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Old 07-14-2011, 04:12 AM
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Default Vietnam Information ( .cont)

The early days

Recent archaeological finds suggest that the earliest human habitation of northern Vietnam was about 500, 000 years ago. Neolithic cultures were romping around the same area just 10, 000 years ago and engaged in primitive agriculture as early as 7000 BC. The sophisticated Bronze Age Dong Son culture, which is famous for its drums, emerged sometime around the 3rd century BC.
From the 1st to 6th centuries AD, southern Vietnam was part of the Indianised Cambodian kingdom of Funan – famous for its refined art and architecture. Known as Nokor Phnom to the Khmers, this kingdom was centred on the walled city of Angkor Borei, near modern-day Takeo. The Funanese constructed an elaborate system of canals both for transportation and the irrigation of rice. The principal port city of Funan was Oc-Eo in the Mekong Delta and archaeological excavations here tell us of contact between Funan and China, Indonesia, Persia and even the Mediterranean.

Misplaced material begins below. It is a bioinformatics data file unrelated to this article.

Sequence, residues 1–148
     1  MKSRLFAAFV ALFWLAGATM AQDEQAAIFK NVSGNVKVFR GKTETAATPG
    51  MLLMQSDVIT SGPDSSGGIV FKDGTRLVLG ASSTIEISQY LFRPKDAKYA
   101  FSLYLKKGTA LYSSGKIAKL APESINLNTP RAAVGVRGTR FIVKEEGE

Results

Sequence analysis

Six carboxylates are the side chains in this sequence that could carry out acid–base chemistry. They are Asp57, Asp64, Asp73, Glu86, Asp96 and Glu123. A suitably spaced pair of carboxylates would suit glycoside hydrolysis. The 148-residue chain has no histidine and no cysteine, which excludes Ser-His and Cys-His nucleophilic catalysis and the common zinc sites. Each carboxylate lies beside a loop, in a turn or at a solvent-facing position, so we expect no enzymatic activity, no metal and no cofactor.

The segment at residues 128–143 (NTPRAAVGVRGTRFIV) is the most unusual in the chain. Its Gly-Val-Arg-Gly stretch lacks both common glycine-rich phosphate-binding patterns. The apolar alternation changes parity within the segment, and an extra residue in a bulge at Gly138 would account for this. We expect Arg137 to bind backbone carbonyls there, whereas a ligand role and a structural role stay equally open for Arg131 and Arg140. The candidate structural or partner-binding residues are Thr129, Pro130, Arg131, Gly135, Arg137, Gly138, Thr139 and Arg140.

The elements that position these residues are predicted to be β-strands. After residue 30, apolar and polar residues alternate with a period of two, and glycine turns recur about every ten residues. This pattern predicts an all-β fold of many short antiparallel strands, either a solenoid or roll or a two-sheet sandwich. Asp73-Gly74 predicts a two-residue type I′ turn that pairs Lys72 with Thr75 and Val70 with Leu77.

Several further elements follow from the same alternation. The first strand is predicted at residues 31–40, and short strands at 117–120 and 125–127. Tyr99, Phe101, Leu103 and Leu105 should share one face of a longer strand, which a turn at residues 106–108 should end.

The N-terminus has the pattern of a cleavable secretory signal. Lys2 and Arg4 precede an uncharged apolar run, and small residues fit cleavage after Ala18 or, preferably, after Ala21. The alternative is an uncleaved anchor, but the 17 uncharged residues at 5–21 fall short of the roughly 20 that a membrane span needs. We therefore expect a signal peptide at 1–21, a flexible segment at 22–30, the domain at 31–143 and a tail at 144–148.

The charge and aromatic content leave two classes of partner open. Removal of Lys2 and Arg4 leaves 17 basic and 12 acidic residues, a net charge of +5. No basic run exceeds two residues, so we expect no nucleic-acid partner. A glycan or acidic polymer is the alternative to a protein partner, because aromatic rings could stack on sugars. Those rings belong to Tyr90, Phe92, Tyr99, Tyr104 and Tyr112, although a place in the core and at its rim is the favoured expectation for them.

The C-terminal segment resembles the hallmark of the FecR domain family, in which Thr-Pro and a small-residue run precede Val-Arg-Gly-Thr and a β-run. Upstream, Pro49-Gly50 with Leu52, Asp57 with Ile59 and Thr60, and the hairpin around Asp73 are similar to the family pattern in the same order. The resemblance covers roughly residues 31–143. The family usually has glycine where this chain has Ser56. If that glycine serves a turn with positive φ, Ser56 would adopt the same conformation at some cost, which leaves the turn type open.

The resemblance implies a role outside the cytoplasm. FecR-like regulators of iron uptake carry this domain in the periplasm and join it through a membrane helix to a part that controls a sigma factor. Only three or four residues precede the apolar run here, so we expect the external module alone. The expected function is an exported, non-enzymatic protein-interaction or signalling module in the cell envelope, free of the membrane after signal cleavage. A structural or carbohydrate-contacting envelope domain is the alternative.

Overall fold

The Hindu kingdom of Champa emerged around present-day Danang in the late 2nd century AD. Like Funan, it adopted Sanskrit as a sacred language and borrowed heavily from Indian art and culture. By the 8th century Champa had expanded southward to include what is now Nha Trang and Phan Rang. The Cham were a feisty bunch who conducted raids along the entire coast of Indochina, and thus found themselves in a perpetual state of war with the Vietnamese to the north and the Khmers to the south. Ultimately this cost them their kingdom, as they found themselves squeezed between two great powers. Check out some brilliant sculptures in the Museum of Cham Sculpture in Danang.